Since arriving at Crystal Palace from West Ham back in the summer (BBC), Cheikhou Kouyate has been a key figure in the Eagles’ midfield alongside James McArthur and Luka Milivojevic.
The Selhurst Park faithful have warmed to the Senegalese international, as he always gives 100 per cent and is an extremely likeable figure around the club with his positive nature and energy.
They may, however, have overlooked just how big an impact he has made in south London, as his arrival came almost immediately after French international Yohan Cabaye departed the club at the expiry of his contract.
Cabaye offered composure, calmness and authority in the middle of the park alongside Milivojevic last season, but his contract was not renewed – this may have been down to his fitness, as the former Lille man rarely managed to complete 90 minutes last season as he hit 33 years of age.
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In stark contrast, Kouyate offers a robust, pragmatic approach alongside two midfielders in McArthur and Milivojevic who are also quite industrial, although perhaps slightly better on the ball.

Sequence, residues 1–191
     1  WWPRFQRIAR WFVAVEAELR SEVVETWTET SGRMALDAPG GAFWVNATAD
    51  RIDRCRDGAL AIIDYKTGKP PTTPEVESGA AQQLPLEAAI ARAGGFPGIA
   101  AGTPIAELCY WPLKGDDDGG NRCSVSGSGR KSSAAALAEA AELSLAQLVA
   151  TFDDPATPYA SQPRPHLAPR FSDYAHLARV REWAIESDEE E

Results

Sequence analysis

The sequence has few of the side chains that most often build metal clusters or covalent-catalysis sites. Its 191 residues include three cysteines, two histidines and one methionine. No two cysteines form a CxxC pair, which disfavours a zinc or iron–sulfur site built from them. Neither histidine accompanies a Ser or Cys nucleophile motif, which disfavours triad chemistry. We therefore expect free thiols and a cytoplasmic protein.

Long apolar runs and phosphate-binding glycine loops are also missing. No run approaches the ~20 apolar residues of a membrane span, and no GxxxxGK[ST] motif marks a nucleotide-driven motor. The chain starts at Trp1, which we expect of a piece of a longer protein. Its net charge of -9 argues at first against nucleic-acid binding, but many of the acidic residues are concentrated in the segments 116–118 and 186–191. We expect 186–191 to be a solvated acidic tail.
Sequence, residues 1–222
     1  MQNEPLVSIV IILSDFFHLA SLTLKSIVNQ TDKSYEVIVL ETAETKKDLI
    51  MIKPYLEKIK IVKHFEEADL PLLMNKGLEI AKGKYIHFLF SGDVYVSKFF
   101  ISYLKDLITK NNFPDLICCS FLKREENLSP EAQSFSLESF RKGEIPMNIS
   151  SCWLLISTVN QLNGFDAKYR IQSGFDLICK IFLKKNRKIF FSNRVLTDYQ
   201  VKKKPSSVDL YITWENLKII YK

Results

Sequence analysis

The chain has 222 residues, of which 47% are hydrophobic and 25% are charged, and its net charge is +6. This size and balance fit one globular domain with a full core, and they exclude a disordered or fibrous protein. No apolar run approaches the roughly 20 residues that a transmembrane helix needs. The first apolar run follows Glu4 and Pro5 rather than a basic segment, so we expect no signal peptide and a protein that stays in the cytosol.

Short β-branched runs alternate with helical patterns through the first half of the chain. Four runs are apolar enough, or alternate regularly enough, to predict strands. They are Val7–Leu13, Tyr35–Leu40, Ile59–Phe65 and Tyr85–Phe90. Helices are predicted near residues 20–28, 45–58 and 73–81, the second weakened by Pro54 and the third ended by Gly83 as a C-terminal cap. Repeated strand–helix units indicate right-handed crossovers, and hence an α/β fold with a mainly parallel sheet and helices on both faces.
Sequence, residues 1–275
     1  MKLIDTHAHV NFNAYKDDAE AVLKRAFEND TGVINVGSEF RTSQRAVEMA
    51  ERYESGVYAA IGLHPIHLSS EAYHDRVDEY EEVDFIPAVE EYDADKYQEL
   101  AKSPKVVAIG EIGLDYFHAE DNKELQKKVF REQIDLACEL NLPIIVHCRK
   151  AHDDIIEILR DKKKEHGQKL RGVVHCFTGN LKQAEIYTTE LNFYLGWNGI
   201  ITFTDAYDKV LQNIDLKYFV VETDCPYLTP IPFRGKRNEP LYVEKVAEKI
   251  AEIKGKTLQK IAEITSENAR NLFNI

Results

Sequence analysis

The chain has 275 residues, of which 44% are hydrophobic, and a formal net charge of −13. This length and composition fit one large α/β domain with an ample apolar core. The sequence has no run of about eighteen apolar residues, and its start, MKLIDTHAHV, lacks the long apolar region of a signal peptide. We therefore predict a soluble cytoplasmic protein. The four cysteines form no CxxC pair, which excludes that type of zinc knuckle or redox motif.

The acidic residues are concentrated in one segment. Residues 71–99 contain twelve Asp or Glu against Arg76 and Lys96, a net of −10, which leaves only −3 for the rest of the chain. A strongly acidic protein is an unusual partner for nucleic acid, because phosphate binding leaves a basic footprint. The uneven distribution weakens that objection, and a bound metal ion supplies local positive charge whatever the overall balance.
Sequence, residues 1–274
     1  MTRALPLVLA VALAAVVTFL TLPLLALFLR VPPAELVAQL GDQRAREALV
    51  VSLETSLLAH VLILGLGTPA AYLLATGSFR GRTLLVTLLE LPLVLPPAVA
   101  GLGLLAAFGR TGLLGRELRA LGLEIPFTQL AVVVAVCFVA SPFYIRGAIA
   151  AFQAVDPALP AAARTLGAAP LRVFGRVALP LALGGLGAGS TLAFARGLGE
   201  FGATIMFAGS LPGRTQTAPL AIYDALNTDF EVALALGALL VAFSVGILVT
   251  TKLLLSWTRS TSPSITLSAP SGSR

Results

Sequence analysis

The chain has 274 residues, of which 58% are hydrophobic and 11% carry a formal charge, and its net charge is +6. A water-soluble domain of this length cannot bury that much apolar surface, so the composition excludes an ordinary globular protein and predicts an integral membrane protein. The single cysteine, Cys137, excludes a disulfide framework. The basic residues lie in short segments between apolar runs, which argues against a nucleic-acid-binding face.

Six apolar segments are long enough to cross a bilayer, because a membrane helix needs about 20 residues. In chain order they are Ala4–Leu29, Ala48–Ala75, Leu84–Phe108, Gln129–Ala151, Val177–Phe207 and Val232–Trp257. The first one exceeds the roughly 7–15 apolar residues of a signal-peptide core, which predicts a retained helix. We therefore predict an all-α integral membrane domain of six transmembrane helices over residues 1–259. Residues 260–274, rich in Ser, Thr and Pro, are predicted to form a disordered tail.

Having said all of that, it is unfair to judge Kouyate on circumstances out of his control, so let’s take a look at his first six months in SE25 in isolation.
The former Anderlecht man has impressed the fans with his tireless running, and knack of always being in the right place at the right time to nick the ball away from the opposition either with his head or his feet.
Kouyate has kept things tidy in the middle of the park, averaging a pass success rate of 82 per cent (per Whoscored) throughout his 20 Premier League appearances so far this season, whilst also picking up an assist along the way.
His aerial duel success rate of 2.5 won per game only further emphasises just how important he is from a defensive aspect, often snuffing out danger and being there to head clear time and time again.
His 1.9 tackles per game also demonstrate his selflessness in doing the dirty work for his teammates, winning possession back for them almost twice a game.
Overall, Kouyate has to be regarded as a good bit of business. At 29-years-old, he is perhaps in his peak as a ball-winning midfielder, and as N’Golo Kante and Fernandinho have proved time and time again, that position on the field is pivotal to any side’s chances of success.
Additionally, for an initial fee of £9.5m (as per the Guardian), you can’t really argue with the fact that the former Hammer has been exceptional value for money in the modern day market.